From Lizzo to Meghan Trainor, music celebrating bigger women has become big business in the era of big people. Perhaps if the 1970s rock band Queen had been led by a woman, particularly a bigger woman, they too would join the hall of fame of body-positive musicians.
Except on Saturday, the Daily Mail reported the band’s blockbuster track, “Fat Bottomed Girls,” was left off the group’s Greatest Hits collection.
Written by guitarist Brian May, the legendary 1978 record served generations as an anthem to male admiration of women with larger-than-average bodies.
“But 45 years later, it appears that lyrics such as ‘left alone with big fat Fanny, she was such a naughty nanny, big woman, you made a bad boy out of me’ and ‘fat bottomed girls, you make the rockin’ world go round’ have been hit by the woke cancel culture,” the Mail reported. “It was such a popular hit for Queen that it appeared fourth on the band’s original 1981 greatest hits album along with Bohemian Rhapsody, Don’t Stop Me Now and We Will Rock You.”
Last week, however, “Fat Bottomed Girls” was absent from a list of songs put out by Universal Records highlighting Queen’s greatest hits.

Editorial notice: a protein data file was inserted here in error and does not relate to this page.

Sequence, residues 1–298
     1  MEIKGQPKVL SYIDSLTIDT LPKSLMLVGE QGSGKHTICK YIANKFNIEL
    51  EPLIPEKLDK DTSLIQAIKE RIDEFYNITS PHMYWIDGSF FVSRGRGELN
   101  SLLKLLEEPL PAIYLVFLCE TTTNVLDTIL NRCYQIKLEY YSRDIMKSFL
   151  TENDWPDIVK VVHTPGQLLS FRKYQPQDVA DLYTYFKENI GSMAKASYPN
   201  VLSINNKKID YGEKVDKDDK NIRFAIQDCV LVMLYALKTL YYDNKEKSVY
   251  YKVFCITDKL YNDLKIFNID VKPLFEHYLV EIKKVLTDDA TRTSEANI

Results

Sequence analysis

While the exact circumstances of the song’s omission from the label remain unclear, an industry insider told the Daily Mail the song was inappropriately singled out.
“It is the talk of the music industry, nobody can work out why such a good-natured fun song can’t be acceptable in today’s society.”
If the song was omitted for its male appreciation for big women, the cancellation is not only ironic under the shadow of Lizzo’s star power but signals a threat to music by other artists who express reverence for women of a larger size. Coincidentally, Lizzo’s stardom has been recently dimmed by accusations of sexual misconduct and more frivolous charges of “fat shaming.”
Queen’s 1978 release of “Fat Bottomed Girls” was a precursor to Sir Mix-a-Lot’s number-one hit to follow 14 years later, “Baby Got Back.” The lyrics were far more explicit, as is typical with rap music. The 1992 song’s opening narrator even characterized a big-bootied black woman as a “prostitute.”
“I mean, her butt, it’s just so big,” an unnamed woman tells her friend named Becky.
The contemporary pro-fat movement operating under the banner of “body positivity” might celebrate music about male adoration for female bodies. But the ensuing cancellation of one of Queen’s most defining songs is a reminder that the movement’s imposition of “health at every size” often only goes one way.